Associate pay raises push law firm expenses higher; demand softens while rates rise
Law firms are facing rising expenses that are partly fueled by associate pay raises, according to two reports on the economic outlook for law firms in the first quarter of 2019.
Expenses are rising amid a period of stalling demand and productivity, the American Lawyer reports. On the bright side, law firms saw revenues grow, largely because of billing rate growth.
More than a hundred large law firms increased associate salaries last year at a time of strong revenue growth for top law firms. But this year, “the added expense pressure is beginning to catch up with many of these firms,” the American Lawyer reports in another story.
One of the reports comes from Citi Private Bank. Fifty-three percent of 187 law firms in its sample saw a decline in demand the first quarter, according to its report in the American Lawyer. As firms added lawyers, lawyer productivity declined 1.8%.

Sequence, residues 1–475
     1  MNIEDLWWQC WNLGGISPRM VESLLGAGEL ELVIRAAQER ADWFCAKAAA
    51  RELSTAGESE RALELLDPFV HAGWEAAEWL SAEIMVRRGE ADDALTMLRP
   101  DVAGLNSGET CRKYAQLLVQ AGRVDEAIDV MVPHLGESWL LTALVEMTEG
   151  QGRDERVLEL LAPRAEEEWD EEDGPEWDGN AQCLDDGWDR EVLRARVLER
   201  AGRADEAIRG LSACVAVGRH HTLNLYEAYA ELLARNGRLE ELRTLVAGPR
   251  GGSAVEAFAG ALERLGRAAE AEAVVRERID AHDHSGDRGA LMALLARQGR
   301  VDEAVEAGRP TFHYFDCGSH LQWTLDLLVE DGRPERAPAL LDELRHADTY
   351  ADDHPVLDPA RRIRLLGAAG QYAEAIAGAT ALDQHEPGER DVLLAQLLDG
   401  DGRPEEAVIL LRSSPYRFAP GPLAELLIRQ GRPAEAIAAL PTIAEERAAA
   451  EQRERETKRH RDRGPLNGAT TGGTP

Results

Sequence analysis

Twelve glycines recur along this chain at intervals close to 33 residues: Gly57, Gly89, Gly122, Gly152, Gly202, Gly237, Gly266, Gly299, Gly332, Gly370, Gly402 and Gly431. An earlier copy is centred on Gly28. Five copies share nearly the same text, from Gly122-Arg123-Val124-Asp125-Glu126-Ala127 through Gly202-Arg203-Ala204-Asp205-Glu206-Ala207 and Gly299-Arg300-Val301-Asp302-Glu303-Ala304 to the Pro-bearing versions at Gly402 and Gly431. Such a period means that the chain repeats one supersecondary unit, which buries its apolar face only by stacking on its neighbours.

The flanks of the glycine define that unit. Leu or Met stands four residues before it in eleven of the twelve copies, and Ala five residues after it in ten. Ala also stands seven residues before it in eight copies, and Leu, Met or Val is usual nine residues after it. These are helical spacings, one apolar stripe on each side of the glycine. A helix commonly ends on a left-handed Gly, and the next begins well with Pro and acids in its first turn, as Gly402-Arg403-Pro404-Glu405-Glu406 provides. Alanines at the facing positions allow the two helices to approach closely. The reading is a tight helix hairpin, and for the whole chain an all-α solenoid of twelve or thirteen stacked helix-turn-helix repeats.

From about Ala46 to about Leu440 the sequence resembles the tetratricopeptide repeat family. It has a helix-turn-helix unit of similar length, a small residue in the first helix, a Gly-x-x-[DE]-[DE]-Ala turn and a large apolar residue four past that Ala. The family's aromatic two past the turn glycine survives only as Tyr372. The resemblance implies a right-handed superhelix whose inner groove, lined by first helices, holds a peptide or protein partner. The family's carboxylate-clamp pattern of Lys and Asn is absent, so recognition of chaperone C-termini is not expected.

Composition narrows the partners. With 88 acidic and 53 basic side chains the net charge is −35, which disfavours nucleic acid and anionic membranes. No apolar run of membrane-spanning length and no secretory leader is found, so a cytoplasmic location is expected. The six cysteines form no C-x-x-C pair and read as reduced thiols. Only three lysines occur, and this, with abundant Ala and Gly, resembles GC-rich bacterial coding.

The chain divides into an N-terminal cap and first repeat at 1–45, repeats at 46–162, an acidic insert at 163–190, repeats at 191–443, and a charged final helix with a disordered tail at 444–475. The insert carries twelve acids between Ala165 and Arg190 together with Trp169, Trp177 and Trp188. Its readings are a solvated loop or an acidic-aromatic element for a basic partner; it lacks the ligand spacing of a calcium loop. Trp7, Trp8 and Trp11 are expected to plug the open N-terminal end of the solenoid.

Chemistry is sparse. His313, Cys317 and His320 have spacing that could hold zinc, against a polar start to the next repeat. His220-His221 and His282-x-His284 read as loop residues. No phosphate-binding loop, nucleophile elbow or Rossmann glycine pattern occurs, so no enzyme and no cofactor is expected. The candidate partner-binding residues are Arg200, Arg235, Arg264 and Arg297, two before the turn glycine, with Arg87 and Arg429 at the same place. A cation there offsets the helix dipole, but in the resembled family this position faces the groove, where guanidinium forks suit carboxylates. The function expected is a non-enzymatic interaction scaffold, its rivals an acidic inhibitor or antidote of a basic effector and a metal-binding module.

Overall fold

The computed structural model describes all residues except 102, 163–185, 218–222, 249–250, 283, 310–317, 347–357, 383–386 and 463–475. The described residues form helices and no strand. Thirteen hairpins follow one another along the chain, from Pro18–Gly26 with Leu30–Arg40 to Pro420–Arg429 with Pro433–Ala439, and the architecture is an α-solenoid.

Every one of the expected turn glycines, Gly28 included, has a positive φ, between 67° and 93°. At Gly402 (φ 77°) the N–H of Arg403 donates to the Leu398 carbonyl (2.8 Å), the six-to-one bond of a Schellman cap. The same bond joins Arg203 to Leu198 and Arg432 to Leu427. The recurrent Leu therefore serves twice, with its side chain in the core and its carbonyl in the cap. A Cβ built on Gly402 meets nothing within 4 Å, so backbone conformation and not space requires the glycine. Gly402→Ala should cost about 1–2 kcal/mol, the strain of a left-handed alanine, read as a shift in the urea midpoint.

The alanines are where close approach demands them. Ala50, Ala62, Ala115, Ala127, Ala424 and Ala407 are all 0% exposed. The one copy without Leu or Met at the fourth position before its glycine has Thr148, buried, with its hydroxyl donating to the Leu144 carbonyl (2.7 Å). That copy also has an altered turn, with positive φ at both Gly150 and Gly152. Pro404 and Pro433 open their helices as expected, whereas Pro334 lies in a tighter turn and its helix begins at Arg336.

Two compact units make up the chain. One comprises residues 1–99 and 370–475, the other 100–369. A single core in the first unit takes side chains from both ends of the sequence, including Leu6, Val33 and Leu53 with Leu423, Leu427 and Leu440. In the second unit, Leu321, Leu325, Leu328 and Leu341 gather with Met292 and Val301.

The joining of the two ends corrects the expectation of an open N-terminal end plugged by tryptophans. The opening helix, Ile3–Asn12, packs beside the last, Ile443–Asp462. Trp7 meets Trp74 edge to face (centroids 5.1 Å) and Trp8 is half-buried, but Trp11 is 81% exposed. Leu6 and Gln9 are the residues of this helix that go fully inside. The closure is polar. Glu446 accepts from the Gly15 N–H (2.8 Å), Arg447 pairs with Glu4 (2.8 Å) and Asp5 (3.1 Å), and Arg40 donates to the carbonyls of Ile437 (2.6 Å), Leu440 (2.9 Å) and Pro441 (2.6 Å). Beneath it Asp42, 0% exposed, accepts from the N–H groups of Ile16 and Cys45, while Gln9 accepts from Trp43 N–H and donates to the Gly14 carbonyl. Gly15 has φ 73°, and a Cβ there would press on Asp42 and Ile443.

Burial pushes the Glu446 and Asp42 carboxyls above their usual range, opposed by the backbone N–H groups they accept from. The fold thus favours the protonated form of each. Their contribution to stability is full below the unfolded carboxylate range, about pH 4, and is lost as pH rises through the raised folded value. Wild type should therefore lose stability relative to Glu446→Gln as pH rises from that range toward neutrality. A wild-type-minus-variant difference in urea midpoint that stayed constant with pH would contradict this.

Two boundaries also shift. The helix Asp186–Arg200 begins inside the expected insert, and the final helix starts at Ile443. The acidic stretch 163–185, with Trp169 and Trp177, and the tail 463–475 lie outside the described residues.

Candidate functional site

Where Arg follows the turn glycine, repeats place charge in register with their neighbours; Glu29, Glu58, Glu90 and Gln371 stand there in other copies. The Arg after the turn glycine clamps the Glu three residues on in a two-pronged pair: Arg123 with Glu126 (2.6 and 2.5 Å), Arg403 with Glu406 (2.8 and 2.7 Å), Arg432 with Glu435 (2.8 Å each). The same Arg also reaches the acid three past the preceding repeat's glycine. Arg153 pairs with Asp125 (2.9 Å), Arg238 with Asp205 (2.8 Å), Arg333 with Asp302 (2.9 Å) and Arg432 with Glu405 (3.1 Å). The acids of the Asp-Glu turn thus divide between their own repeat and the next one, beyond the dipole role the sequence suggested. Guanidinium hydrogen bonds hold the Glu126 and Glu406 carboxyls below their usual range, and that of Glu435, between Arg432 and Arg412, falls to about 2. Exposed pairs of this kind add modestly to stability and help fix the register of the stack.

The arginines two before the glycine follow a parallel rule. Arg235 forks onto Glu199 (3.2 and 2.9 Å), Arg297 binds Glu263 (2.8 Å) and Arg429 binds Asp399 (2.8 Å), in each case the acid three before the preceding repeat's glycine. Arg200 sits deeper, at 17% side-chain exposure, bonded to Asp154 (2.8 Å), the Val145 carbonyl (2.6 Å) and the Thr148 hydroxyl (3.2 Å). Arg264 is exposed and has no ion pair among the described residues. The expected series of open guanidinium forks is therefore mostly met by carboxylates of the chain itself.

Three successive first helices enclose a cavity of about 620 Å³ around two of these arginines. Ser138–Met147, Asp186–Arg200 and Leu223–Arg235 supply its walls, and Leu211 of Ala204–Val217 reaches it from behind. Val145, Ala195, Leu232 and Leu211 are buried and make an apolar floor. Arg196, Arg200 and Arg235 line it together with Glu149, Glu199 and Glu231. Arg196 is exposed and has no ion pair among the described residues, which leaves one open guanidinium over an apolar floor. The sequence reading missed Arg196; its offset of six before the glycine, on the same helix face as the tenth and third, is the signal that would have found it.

On the positive side, revenue growth in the first quarter was 4.5%, and billing rate growth was 4.4%, according to the Citi Private Bank report.
But expenses grew by 6.5%, according to Citi Private Bank. Driving much of that expense growth was a 7.2% increase in lawyer compensation and a 1.8% increase in lawyer head count. “Perhaps the greater pressure comes from the mid-2018 associate compensation increases,” Citi Private Bank reported.
The Thomson Reuters Peer Monitor Index, available here, reported similar results. “The law firm market sputtered a bit in the first quarter,” the report said. “Higher rates were offset by flat demand and falling productivity.”
Direct expenses for law firms increased 4.9% in the first quarter, largely because of increased hiring and higher associate salaries, according to the Peer Monitor report. Overhead expenses, meanwhile, grew by 3.4%.
With increased associate salaries, law firms also are feeling pressure to increase compensation for junior partners. The impact could affect lawyers, as well as their firms. Law firms feeling the pinch can’t afford to ignore underperforming lawyers, practices and offices, experts told the American Lawyer.